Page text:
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Just fracking: a distributive environmental justice analysis of unconventional gas development in Pennsylvania, USA

Lookup NU author(s): Dr Emily Clough, Professor Derek Bell

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Abstract

This letter presents a distributive environmental justice analysis of unconventional gas development in the area of Pennsylvania lying over the Marcellus Shale, the largest shale gas formation in play in the United States. The extraction of shale gas using unconventional wells, which are hydraulically fractured (fracking), has increased dramatically since 2005. As the number of wells has grown, so have concerns about the potential public health effects on nearby communities. These concerns make shale gas development an environmental justice issue. This letter examines whether the hazards associated with proximity to wells and the economic benefits of shale gas production are fairly distributed. We distinguish two types of distributive environmental justice: traditional and benefit sharing. We ask the traditional question: are there a disproportionate number of minority or low-income residents in areas near to unconventional wells in Pennsylvania? However, we extend this analysis in two ways: we examine income distribution and level of education; and we compare before and after shale gas development. This contributes to discussions of benefit sharing by showing how the income distribution of the population has changed. We use a binary dasymetric technique to remap the data from the 2000 US Census and the 2009–2013 American Communities Survey and combine that data with a buffer containment analysis of unconventional wells to compare the characteristics of the population living nearer to unconventional wells with those further away before and after shale gas development. Our analysis indicates that there is no evidence of traditional distributive environmental injustice: there is not a disproportionate number of minority or low-income residents in areas near to unconventional wells. However, our analysis is consistent with the claim that there is benefit sharing distributive environmental injustice: the income distribution of the population nearer to shale gas wells has not been transformed since shale gas development.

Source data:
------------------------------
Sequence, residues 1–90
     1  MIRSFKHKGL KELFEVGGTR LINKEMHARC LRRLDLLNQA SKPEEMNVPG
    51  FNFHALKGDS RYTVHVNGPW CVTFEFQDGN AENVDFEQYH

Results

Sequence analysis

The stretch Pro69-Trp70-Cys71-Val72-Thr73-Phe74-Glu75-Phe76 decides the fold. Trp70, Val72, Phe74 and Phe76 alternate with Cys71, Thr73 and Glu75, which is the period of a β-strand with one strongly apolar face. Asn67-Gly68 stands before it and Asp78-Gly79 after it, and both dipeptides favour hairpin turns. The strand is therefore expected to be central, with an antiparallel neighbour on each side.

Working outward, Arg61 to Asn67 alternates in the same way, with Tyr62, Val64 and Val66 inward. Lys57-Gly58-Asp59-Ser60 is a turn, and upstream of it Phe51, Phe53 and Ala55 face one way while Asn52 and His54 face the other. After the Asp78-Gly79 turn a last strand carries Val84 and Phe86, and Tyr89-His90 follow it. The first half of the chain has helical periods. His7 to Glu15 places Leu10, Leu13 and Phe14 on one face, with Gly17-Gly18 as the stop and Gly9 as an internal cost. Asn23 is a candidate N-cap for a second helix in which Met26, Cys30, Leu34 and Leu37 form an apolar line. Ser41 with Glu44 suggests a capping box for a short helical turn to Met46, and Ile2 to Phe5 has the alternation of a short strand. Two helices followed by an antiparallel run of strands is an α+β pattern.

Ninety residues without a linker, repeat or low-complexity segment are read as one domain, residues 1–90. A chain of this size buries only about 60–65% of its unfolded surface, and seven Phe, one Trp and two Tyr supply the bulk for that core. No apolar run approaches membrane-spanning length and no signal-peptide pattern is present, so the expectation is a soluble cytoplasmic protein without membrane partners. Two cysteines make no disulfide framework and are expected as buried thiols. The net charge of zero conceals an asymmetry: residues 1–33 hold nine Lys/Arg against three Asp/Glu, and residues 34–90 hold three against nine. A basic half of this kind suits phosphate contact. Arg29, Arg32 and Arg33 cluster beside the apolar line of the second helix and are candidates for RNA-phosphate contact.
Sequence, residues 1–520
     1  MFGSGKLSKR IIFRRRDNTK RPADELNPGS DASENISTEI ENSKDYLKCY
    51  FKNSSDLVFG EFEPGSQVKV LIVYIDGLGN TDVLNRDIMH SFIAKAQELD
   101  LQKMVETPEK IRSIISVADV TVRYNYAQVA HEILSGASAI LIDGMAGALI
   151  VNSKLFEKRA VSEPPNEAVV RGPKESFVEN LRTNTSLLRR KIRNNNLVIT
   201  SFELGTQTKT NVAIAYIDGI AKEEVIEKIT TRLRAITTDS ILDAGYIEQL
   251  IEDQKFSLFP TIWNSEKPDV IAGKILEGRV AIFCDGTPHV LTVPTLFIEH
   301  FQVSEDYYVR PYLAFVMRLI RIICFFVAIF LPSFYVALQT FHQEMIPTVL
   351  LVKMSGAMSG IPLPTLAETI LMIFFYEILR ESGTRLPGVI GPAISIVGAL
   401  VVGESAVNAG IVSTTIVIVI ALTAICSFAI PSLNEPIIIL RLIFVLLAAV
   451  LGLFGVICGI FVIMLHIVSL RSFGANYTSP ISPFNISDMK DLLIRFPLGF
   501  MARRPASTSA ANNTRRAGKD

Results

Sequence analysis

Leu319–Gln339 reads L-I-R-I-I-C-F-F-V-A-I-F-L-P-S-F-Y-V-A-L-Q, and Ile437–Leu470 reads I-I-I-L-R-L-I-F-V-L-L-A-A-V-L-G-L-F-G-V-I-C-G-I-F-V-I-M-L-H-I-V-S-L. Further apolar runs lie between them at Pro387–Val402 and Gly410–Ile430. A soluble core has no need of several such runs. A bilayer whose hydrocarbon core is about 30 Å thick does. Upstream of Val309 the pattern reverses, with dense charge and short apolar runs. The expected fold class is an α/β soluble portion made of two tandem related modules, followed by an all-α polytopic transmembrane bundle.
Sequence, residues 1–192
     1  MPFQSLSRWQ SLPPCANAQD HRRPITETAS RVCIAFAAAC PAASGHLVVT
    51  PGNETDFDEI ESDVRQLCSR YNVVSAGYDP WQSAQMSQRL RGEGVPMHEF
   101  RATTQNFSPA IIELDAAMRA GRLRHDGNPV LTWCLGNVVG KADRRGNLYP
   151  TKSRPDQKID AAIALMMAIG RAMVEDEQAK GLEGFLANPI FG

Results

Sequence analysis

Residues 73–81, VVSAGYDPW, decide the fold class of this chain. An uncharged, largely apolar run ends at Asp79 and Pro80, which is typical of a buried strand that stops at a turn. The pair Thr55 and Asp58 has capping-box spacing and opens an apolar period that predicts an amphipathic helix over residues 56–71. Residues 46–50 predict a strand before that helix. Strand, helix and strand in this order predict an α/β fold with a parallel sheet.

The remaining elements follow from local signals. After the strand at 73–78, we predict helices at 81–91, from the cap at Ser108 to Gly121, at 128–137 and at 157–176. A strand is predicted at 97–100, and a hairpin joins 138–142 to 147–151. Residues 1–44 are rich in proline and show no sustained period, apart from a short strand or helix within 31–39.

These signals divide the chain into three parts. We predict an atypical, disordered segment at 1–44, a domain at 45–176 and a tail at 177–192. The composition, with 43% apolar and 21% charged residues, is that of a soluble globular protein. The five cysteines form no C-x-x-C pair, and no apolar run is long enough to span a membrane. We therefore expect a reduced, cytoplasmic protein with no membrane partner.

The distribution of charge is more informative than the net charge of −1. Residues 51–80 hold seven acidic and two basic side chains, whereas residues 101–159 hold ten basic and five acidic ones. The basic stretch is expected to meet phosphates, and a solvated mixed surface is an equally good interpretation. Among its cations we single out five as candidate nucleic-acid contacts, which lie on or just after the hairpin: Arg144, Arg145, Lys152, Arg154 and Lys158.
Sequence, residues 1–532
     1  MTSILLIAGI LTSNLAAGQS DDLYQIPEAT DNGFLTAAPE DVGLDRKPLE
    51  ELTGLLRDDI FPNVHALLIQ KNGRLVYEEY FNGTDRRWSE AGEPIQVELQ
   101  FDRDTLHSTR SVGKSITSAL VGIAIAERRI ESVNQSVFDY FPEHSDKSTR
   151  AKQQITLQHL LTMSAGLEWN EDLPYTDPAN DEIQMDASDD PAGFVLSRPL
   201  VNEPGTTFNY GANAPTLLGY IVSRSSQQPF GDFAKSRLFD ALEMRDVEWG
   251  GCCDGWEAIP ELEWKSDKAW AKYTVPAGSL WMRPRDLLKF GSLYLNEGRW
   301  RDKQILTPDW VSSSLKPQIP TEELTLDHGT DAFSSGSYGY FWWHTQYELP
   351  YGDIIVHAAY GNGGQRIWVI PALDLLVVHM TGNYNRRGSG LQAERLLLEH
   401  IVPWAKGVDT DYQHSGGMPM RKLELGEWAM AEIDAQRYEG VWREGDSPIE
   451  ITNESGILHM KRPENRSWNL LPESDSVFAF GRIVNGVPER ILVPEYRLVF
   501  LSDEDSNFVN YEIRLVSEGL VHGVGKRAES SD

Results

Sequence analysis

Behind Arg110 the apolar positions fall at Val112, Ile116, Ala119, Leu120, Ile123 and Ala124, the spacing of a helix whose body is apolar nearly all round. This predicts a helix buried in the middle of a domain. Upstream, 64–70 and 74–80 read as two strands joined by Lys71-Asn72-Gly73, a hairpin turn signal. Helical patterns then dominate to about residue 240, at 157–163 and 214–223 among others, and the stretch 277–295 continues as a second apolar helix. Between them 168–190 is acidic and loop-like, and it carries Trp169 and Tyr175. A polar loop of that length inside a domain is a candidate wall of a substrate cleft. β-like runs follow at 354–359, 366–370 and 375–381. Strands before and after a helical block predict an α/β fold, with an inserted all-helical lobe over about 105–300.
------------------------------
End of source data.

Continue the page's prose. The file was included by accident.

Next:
Publication metadata

Author(s): Clough E, Bell D

Publication type: Article

Journal: Environmental Research Letters

Year: 2016

Volume: 11

Issue: 2

Online publication date: 15/02/2016

Acceptance date: 20/01/2016

ISSN (electronic): 1748-9326

Publisher: Institute of Physics Publishing Ltd

URL: http://dx.doi.org/10.1088/1748-9326/11/2/025001

DOI: 10.1088/1748-9326/11/2/025001


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